When computer folks talk about micro-ATX, it’s rarely ever an exciting subject. That’s because m-ATX systems have rarely ever thought of as a performance option with the only exception being the ASUS Republic of Gamers X58 Rampage II m-ATX motherboard. However, we now realize that the biggest and baddest computer system isn’t always required to play the latest killer video game, handle the office daily work loads, enjoy the perfect home theater experience or all of the above. In fact, we’re going to have a look at the three popular micro-ATX solutions to show you that this is true. They include the ASUS P7H55D-M EVO, GIGABYTE GA-H55M-USB3, and MSI H55M-ED55 motherboards.
Features and Specifications
Since, we have a sizable group of features to cover between the motherboards, we’re going to give you the obvious summarized spec features up front in this little table. Don’t let the talk of more than one PCIe x16 slot mislead you. None of the platforms support SLI as do some of the X58 m-ATX motherboards. The only board that does offer dual GPU capability is the MSI H55M-ED55 motherboard, but in CrossfireX only.
Now, let’s cover the extras hidden underneath all that cool looking tech. Some of these features are software and some are hardware. Let’s proceed in alphabetical-ish order.
ASUS P7H55D-M EVO Features
The big features that will impact your experience with this board is ASUS GPU Boost, TurboV, Turbo Key, MemOK!, and DDR3 overclocking support up to 2133MHz assuming your memory can keep up. GPU Boost automatically overclocks your CPU’s integrated graphics processor in real time as the system demands. It takes care of everything automatically for you.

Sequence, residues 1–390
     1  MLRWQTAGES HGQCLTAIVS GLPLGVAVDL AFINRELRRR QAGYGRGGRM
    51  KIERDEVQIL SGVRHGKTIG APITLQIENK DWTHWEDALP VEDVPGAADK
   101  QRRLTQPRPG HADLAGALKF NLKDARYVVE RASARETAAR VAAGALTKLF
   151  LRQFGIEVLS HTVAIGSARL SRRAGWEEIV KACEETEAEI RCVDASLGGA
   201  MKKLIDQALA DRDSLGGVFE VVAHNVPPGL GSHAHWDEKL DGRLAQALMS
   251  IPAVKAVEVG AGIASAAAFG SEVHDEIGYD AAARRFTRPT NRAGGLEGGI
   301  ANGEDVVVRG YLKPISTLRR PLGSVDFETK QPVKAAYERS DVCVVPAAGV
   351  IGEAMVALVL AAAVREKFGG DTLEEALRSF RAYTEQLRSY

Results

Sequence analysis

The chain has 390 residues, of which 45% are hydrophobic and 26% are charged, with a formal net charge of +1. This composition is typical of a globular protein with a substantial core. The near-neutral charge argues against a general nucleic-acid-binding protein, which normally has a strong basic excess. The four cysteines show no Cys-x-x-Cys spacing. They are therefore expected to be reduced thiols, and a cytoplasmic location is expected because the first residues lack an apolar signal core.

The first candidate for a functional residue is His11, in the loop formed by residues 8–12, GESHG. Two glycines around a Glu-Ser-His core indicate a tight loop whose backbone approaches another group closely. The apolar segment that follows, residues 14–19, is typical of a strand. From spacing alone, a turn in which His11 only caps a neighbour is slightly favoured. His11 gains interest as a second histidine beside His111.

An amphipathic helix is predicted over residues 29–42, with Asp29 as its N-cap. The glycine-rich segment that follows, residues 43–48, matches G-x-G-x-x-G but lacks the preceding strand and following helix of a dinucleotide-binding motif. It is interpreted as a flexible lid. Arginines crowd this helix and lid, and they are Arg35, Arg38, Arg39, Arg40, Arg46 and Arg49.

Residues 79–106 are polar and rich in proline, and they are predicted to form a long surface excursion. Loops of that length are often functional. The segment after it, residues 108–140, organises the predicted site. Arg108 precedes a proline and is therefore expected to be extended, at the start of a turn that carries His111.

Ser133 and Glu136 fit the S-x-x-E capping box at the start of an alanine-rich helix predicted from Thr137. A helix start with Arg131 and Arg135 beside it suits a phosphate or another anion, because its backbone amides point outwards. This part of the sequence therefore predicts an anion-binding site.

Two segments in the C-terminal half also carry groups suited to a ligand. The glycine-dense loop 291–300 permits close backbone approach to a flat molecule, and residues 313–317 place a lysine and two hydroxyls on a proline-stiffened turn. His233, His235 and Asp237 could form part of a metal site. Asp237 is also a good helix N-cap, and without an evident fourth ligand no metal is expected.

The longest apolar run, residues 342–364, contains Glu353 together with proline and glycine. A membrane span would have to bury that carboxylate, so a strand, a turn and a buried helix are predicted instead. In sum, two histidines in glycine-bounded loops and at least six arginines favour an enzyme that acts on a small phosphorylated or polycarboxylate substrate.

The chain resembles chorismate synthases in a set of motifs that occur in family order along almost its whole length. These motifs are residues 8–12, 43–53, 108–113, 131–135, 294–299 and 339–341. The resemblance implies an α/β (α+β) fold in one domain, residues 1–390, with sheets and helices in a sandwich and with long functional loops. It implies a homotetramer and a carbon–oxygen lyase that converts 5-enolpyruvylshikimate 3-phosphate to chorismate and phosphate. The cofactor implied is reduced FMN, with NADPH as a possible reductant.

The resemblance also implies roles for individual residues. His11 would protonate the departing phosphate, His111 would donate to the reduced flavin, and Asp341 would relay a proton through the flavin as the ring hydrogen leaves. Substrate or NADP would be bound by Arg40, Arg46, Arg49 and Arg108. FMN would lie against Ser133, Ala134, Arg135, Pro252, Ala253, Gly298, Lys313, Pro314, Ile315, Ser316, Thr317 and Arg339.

TurboV is currently the most aggressive and stable overclocking software that any motherboard maker offers. We’ve seen quite a few TurboV friendly motherboards over the last year that were impressive to say the least. The question we’re interested in answering is whether or not the EVO moniker means we can expect something similar in testing. The P7H55D-M EVO’s 8+3 phase power that will support TurboV the most. The two biggest benefits of more phases is better power management and system stability. Before you go thinking 8 phase isn’t enough, it wasn’t too long ago that we saw top end boards with this feature still manage overclocks of 4.5GHz or higher. More of an enthusiast feature of course, but nice to know that your mainstream board has some thoroughbred blood.
Turbo Key allows a user to program, or bind a button on your keyboard that overclocks your system also on the fly. This comes in pretty handy if you need an extra boost while gaming or working. Just press a key and get a sudden frame rate boost.
MemOK! hints to its ability in the name. If you just installed some memory or tried overclocking the memory, a quick press of the button automatically reconfigures the BIOS to settings that allow the system to boot. Of course, if all else fails, you can clear the CMOS. If for some reason you ever experience a BIOS error, you can use CrashFree BIOS 3 via a USB flash drive to reload the BIOS.